# How to compute associated (partial) Jacobian matrix for each joint of a serial manipulator?

Given DH parameters of a serial manipulator, the forward kinematics gives me

T0n = T01*T12*T23*...*Tn-1n , n is the DOF of manipulator.

I can calculate the Jacobian matrix J for the end-effector by taking first order partial directives.

Then I know the relation between joint speed and end-effector speed

eeSpeed = J*jointSpeed or jointSpeed = J_inv*eeSpeed

Now my question is how to calculate the Jacobian for joints 1 to n-1, and how to derive the relationship between joint speed and speed of any point on a robot link?

Well, the answer is quite straight forward. With the given equation $$T^n_0 = \ldots$$ you calculate the transformation from the $$n^\mathrm{th}$$ coordinate frame (attached to the end effector) to the inertial coordinate frame.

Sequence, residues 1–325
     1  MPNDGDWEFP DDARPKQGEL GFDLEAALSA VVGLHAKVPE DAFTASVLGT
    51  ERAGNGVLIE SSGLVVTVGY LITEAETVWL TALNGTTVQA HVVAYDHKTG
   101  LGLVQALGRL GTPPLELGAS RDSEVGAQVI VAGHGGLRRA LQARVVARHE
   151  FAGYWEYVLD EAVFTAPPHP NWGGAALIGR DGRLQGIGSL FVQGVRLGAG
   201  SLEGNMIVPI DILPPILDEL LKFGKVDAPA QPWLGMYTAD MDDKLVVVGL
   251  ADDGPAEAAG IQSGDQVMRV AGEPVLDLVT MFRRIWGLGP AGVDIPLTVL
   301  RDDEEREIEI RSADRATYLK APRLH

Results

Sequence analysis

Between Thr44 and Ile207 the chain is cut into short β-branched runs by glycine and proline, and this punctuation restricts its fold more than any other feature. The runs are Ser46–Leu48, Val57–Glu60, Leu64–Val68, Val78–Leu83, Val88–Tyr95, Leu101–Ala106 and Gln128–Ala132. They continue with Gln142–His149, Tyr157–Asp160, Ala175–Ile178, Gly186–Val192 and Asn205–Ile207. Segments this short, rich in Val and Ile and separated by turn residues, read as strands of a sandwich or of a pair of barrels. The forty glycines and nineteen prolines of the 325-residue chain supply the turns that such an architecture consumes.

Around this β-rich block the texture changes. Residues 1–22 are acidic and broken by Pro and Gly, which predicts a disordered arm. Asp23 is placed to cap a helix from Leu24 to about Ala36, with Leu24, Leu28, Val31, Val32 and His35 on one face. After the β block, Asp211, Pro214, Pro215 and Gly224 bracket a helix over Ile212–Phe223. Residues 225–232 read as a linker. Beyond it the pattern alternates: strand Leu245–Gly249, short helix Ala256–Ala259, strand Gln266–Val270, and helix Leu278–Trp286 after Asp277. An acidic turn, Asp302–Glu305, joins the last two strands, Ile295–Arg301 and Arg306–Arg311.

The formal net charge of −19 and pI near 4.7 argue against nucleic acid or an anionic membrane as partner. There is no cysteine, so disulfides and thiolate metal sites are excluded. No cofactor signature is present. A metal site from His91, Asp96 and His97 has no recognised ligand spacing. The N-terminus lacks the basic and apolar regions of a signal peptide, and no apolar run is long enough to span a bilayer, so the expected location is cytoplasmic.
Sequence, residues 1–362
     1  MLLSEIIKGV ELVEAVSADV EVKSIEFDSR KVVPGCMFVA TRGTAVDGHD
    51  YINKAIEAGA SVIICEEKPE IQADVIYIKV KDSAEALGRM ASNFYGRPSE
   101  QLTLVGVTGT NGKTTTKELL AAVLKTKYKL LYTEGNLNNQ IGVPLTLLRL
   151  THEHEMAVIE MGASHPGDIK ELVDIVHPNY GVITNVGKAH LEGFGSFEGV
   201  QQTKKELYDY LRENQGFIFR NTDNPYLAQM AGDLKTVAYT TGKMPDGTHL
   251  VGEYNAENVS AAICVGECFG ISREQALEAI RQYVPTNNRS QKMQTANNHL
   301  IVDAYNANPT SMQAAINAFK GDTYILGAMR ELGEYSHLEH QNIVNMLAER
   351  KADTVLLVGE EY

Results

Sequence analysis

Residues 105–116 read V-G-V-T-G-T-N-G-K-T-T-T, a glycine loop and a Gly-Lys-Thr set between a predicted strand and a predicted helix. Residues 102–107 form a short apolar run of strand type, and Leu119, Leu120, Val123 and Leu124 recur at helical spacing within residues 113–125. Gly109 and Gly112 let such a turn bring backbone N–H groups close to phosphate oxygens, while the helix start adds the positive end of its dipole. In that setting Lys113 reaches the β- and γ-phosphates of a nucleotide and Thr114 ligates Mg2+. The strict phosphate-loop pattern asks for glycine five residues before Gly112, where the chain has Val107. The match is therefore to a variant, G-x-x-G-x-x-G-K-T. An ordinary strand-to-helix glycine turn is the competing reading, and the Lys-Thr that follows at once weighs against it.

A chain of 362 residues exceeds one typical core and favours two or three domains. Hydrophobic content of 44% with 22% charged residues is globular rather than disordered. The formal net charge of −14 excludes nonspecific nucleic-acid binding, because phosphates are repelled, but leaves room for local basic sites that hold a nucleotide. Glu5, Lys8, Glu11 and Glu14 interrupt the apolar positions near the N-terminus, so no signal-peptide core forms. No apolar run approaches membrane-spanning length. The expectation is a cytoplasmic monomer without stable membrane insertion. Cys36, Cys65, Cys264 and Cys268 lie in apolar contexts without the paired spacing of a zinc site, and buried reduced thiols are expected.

Just imagine you want to know the Jacobian from the joint $$n-1$$, you do the exact same procedure. Calculate $$T^{n-1}_0 = \ldots$$ and calculate the first partial derivative.
In other words, the Jacobian method is just the use of the chain rule from differentiation. Given the translational velocity $$v=\frac{\mathrm{d}}{\mathrm{d}t}p$$ of any point $$p$$. Any point $$p$$, expressed in the inertial frame depends on the joint configuration $$q(t)$$, so $$p(q(t))$$. Therefore you can apply the chain rule $$\frac{\mathrm{d}}{\mathrm{d}t}p = \frac{\partial}{\partial q} p \frac{\mathrm{d}}{\mathrm{d}t}q ~.$$ The partial derivative $$\frac{\partial}{\partial q} p$$ is called the Jacobian of the point $$p$$. If $$p$$ describes the end effector position, the Jacobian is called the manipulator jacobian.
Note: $$p$$, $$v$$ and $$q$$ are usually vectors, therefore the partial derivative yields a matrix.